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Saturday, April 23, 2016

Dunham Massey

This morning Jo made a packed lunch and we went and spent most of the day at Dunham Massey, photographing the deer, squirrels, coots, yellow dippers and little grebe. We sat by one of the large ponds and had our lunch. We stopped off at the Swan with Two Nicks for a pleasant ½ of Bombardier each. When we got back to the boat I discovered I had not put my memory card in my camera, hence the lack of photographs!

The Origins of the name "Swan with Two Nicks"

Swan Upping From the 12th century, the monarch has retained the right to ownership of all unmarked mute swans in open water, but in practice only exercised ownership on certain stretches of the Thames. At that time swans were a common food source for royalty.

Swan upping became the means of establishing a swan census. Under a 15th century Royal Charter, the Vintners' Company and the Dyers' Company, two Livery Companies of the City of London, are entitled to share in the Sovereign's ownership and it is they who conduct the census through a process of ringing the swans' feet.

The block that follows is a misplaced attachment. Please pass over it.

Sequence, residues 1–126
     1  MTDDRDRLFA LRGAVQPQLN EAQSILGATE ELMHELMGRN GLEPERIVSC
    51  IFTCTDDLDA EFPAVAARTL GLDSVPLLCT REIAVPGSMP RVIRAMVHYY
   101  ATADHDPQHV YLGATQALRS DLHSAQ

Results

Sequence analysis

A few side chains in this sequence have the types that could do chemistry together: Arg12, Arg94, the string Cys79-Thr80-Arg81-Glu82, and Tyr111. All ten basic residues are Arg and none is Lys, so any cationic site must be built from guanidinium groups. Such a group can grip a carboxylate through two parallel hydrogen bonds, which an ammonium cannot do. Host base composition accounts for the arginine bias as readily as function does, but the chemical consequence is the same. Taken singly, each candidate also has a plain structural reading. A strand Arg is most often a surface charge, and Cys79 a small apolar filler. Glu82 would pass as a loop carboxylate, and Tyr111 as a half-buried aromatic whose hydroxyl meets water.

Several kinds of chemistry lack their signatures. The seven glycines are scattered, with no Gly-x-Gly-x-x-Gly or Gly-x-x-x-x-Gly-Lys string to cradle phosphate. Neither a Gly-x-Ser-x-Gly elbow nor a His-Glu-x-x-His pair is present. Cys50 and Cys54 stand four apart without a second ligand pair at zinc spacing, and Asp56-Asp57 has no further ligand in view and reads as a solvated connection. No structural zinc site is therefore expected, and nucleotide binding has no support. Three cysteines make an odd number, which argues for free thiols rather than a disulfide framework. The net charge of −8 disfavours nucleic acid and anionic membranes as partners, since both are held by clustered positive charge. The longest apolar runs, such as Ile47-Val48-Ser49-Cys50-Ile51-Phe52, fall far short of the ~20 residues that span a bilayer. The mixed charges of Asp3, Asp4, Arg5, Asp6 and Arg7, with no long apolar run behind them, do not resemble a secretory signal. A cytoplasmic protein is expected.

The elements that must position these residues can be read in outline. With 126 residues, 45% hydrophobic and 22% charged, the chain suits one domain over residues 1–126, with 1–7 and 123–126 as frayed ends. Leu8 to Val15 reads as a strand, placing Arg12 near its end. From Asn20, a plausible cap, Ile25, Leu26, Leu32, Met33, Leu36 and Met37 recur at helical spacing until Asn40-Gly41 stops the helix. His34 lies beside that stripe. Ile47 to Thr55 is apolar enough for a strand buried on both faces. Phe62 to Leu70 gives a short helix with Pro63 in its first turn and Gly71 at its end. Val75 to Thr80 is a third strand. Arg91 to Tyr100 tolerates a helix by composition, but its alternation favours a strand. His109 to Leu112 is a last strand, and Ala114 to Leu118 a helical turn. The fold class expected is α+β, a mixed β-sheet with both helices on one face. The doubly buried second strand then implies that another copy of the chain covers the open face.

The annual swan upping takes place during the third week of July. During the ceremony, the Queen's, the Vintners', and the Dyers' Swan Uppers row up the river in skiffs. Swans caught by the Queen's Swan Uppers under the direction of the Swan Marker are ringed. Those caught by the Dyers and Vintners are identified as theirs by means of a further ring on the other leg. Today, only swans with cygnets are caught and ringed. This gives a yearly snapshot as to how well Thames swans are breeding.

Originally, the two companies made their own marks on the birds’ beaks: one nick for a dyers’ bird and two for a vintners’; today the two Companies use their own rings. This practice provided the name of our pub "The Swan with Two Nicks". This was a 16th century pun, the word "nick" also meaning "neck". Humour wasn't quite what it is today... So we also find a lot of pubs called The Swan with Two Necks.

Keith.

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